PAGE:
California: A week after announcing a painful round of job cuts, Yahoo CEO Scott Thompson unveiled a plan Tuesday that will reorganise the company into three main divisions focused on users, advertisers and technology.
Thompson unveiled the plan at an "all hands" meeting for employees at the company's headquarters in Sunnyvale, California. It will take effect on May 1.
According to a memo obtained by The Associated Press, the new structure aims to improve users' experience with Yahoo, work closely with advertisers in different regions of the globe, and strengthen the company's technology group.
Thompson unveiled the plan at an "all hands" meeting for employees at the company's headquarters in Sunnyvale.
"It's time for Yahoo to move forward, and fast," Thompson said in the memo distributed to staff.
The changes separate what had been a mixed reporting structure that made regional groups sometimes responsible for both creating content and selling ads against it.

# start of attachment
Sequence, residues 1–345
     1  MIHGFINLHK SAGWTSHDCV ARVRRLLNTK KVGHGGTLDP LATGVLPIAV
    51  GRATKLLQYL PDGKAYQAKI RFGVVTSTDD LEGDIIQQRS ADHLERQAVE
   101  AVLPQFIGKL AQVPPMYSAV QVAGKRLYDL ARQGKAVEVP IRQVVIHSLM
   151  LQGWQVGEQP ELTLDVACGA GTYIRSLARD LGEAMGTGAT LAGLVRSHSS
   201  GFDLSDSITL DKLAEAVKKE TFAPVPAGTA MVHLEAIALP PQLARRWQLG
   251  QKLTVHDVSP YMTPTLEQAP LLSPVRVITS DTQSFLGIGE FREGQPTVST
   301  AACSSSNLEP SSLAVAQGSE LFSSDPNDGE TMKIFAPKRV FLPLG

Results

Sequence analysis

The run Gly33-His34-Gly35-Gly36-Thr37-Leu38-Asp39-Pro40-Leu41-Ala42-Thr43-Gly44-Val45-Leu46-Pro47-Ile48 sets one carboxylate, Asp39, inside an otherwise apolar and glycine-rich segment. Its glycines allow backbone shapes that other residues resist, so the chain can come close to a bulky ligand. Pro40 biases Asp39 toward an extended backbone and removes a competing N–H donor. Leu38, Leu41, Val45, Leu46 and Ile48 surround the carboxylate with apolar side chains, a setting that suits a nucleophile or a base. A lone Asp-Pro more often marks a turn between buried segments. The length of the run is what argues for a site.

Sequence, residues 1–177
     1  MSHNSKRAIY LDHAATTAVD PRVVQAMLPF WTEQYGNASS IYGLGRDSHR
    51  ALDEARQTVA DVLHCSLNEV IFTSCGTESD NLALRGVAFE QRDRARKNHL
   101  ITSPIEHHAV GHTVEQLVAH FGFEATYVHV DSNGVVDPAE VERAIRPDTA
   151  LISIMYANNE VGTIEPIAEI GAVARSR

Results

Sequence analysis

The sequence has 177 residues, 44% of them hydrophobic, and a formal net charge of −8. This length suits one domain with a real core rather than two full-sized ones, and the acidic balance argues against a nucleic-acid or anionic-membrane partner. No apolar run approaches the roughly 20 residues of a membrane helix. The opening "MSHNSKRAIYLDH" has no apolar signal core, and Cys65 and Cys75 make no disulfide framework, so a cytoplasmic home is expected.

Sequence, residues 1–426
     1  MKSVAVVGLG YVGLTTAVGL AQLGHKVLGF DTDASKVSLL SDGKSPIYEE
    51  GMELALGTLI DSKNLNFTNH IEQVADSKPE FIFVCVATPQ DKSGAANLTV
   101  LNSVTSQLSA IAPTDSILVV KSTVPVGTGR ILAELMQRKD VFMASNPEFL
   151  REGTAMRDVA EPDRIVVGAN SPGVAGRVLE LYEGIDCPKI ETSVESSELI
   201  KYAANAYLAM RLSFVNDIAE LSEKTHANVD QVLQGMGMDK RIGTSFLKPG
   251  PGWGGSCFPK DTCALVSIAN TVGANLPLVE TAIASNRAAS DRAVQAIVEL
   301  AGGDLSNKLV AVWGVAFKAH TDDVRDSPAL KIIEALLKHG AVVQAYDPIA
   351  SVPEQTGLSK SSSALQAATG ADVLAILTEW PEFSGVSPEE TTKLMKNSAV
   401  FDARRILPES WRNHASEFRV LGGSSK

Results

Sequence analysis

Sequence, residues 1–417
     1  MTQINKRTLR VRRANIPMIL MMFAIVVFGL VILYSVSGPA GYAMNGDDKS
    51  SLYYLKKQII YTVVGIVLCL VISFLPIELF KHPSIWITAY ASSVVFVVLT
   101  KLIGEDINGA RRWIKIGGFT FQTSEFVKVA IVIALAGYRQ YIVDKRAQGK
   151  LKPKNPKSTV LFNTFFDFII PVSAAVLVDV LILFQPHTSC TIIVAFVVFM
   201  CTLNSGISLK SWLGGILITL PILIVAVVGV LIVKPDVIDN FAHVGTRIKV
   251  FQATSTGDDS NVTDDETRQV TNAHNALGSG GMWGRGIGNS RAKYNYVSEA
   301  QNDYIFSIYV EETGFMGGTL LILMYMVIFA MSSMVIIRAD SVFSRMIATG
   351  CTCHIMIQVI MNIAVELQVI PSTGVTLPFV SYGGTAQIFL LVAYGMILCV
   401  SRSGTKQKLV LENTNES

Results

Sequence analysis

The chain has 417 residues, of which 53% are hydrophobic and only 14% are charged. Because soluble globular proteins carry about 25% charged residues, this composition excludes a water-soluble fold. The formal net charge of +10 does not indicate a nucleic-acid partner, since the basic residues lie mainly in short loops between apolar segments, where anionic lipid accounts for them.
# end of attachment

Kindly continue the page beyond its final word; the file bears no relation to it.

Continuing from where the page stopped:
"Yahoo was just a complex mess in terms of reporting structures," said Sameet Sinha, an equity analyst with B. Riley & Co. "Scott's just saying, `Let's take it apart.' "
The consumer group will contain media properties such as the Yahoo home page, news, finance, sports and entertainment products, under Ross Levinsohn, executive vice president of the Americas.
The consumer group also takes over the company's search business and products that consumers use on a daily basis such as email and instant messaging tools.
Thompson, a former executive at online transaction processor PayPal, also told employees that Yahoo will renew its focus on commerce, an area he said will "play a critical role in Yahoo's future growth." The commerce team will focus its efforts on Yahoo pages devoted to autos, shopping, travel, jobs, personals and real estate.
Last week, Thompson announced that Yahoo would begin laying off 2,000 employees, a 14 per cent cut to its workforce and the biggest in its 17-year history. Thompson, who joined Yahoo just three months ago, is under increasing pressure to turn the Internet giant around. His chief critic is hedge fund manager Daniel Loeb, who controls a 5.8 per cent stake in the company and has been angling for representation on the board.